Companies around the world are trying to find what their ideal operating model looks like in a hybrid work landscape. From tool use to meeting cadence and flex work schedules, leaders are experimenting to find how their companies and employees can best operate.
Since the pandemic began, and even before then, CIOs began to build business strategy duties into their roles, with companies looking to them as trusted allies who can accelerate growth through technology. This role was emphasized when hybrid work became the norm.
At Atlassian, innovating in the hybrid era requires ground-up collaboration across different parts of the organization, according to CIO Archana Rao.
"Open collaboration is a leadership strategy," said Rao, speaking Wednesday at Forbes CIO Next virtual event series. "It's really designed to optimize company performance by supporting collaboration across the enterprise. And we believe it only happens if you have engaged leaders, really good practices, and of course the right tools."
When leading innovation for an organization in the hybrid work era, flexibility is essential. Tools, processes and workflows must adapt to what works best for the company, and CIOs can assist with finding that sweet spot.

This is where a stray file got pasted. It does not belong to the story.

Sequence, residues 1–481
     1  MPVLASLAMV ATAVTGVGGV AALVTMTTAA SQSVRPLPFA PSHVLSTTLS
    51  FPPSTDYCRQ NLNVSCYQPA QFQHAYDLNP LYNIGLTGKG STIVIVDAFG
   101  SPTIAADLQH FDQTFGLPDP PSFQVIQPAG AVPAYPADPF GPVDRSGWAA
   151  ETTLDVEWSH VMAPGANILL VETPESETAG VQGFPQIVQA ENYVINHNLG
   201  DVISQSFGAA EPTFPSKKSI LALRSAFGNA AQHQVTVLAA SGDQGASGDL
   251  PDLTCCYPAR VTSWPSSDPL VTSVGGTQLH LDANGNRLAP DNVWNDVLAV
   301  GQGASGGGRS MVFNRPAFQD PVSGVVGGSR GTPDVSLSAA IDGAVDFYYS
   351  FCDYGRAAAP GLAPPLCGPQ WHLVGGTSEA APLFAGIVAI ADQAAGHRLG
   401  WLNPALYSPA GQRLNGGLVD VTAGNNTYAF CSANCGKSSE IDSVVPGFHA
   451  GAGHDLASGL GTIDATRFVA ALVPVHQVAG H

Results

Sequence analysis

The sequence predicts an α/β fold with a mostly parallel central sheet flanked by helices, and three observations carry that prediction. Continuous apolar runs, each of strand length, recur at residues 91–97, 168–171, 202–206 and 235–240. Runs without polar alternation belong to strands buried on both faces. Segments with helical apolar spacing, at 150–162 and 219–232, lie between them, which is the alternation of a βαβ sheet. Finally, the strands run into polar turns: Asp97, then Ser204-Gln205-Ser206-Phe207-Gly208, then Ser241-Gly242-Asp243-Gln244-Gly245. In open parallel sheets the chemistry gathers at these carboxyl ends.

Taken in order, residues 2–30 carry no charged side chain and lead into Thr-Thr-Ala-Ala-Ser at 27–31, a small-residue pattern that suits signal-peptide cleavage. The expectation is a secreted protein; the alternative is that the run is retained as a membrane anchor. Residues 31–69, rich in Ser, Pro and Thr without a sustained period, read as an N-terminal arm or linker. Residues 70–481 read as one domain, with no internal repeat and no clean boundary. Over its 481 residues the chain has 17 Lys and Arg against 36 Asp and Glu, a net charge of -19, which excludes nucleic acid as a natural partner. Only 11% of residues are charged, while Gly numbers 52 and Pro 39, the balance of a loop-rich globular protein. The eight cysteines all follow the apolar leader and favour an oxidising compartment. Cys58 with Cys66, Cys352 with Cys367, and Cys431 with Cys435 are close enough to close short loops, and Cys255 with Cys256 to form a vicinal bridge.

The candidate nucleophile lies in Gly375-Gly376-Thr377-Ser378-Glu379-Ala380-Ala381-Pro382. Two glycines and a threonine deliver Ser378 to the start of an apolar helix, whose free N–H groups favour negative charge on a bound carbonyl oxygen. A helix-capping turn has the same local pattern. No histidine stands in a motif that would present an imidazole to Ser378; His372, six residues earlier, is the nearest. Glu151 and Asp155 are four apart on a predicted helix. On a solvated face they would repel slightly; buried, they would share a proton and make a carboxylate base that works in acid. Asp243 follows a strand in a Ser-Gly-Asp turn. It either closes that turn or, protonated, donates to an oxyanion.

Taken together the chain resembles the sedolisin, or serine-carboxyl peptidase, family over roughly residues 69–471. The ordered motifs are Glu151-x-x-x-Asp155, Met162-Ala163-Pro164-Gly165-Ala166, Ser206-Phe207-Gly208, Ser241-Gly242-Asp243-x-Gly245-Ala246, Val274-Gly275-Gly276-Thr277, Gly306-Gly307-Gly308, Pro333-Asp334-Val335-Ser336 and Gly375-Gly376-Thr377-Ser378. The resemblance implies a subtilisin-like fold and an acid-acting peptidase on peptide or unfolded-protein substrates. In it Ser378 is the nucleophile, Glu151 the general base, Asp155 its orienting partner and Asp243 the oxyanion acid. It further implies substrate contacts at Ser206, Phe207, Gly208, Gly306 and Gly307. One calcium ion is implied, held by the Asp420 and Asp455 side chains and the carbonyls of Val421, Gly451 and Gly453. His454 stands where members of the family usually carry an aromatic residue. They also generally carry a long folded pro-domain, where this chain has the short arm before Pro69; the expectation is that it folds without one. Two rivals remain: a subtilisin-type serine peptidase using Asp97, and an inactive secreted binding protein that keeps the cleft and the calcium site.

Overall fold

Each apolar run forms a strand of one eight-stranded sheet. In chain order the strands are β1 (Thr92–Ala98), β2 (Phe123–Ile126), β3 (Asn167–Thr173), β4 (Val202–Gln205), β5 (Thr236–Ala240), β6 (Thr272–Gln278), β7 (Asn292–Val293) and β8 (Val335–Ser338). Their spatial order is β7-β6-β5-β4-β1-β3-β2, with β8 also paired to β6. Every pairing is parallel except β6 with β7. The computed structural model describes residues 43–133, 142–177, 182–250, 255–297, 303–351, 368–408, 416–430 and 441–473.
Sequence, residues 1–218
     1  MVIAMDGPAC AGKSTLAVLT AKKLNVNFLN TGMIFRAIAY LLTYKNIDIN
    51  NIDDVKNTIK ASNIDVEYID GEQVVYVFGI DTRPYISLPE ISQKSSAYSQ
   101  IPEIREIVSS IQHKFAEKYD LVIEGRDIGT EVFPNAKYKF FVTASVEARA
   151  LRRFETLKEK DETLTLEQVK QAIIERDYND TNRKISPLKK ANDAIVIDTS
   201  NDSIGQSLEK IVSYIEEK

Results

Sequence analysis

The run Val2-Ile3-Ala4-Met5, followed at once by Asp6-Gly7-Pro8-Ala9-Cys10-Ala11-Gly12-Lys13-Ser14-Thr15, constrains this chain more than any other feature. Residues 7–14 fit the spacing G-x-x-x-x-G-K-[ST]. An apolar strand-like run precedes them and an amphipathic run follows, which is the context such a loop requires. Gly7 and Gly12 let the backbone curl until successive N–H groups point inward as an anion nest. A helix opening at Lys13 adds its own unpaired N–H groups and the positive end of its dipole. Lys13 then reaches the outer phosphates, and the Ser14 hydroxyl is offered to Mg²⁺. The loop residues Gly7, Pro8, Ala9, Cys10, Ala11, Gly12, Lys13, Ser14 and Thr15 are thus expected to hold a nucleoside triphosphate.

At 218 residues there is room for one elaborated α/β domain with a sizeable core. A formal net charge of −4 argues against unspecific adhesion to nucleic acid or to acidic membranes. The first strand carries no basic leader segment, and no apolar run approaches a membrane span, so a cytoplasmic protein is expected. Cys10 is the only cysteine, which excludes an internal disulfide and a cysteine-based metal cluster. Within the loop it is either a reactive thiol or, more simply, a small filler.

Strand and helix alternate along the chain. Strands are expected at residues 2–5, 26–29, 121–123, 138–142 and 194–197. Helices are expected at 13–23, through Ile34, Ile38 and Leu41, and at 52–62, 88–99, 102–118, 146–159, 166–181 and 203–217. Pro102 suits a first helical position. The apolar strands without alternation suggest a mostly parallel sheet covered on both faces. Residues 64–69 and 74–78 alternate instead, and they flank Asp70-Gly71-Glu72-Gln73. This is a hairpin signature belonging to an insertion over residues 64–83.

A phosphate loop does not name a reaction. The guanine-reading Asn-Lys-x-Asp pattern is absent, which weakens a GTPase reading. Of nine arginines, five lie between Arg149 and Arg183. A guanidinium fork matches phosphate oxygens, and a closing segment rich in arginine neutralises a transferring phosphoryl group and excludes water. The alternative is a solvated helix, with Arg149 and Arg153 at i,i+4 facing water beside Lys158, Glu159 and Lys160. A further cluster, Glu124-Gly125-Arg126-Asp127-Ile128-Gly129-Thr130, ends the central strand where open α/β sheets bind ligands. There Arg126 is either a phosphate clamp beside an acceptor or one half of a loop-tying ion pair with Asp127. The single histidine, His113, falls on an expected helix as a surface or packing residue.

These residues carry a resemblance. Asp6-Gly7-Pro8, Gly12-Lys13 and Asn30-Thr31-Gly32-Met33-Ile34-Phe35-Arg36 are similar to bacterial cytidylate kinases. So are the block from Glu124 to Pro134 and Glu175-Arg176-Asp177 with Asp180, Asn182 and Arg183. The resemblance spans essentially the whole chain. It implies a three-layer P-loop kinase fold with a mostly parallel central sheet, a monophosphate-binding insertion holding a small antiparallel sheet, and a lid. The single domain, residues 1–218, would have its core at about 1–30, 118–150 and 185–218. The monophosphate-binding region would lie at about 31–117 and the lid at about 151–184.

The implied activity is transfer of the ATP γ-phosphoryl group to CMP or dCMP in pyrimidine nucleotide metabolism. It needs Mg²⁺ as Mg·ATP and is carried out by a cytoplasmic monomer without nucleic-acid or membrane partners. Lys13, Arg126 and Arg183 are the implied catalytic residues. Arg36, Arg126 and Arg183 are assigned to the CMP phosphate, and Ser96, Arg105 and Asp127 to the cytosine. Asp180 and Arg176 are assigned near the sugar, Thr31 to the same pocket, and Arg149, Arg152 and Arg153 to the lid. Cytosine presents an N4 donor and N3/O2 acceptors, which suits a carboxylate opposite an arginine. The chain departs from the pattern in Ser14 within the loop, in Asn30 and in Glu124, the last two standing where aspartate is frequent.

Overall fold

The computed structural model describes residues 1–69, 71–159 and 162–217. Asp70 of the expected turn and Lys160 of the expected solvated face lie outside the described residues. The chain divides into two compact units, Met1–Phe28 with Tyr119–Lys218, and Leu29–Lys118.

Saint-Gobain, a French multinational materials manufacturer, experimented with physical robots as a representation of employees who are unable to be present in a room. A screen in the front of the robot shows worker's faces.
"If you have two or three colleagues not participating, but you have 10 others in the room, it is very easy to just talk between the 10," said Ursula Soritsch-Renier, chief digital and information officer at Saint-Gobain. "With these avatars, you have a person next to you, that you can really actually point and refer to."
To thread together workers in a virtual space, Atlassian relies on its Confluence product for a virtual water cooler, Rao said. New workers post blogs.
"We really want to make sure newcomers feel connected to their peers, to their team, to the company, especially in a remote world," Rao said.
Whether it's robots or digital collaboration platforms, leaders need to address the disconnect that's brewing between workers in hybrid settings. Nearly seven in 10 hybrid workers said they "don't feel a very strong sense of connection" to their co-workers, according to a survey from Enboarder. Two-thirds of respondents also said they fear missing out on collaboration by not being physically in the office.
In-person collaboration still has a role in the hybrid era, according to Soritsch-Renier. "COVID[-19] brought us a good thing in that sense, because now it is a mixture," she said. "But sometimes these face to face connections, I still believe, are extremely important and are not really fully replaceable."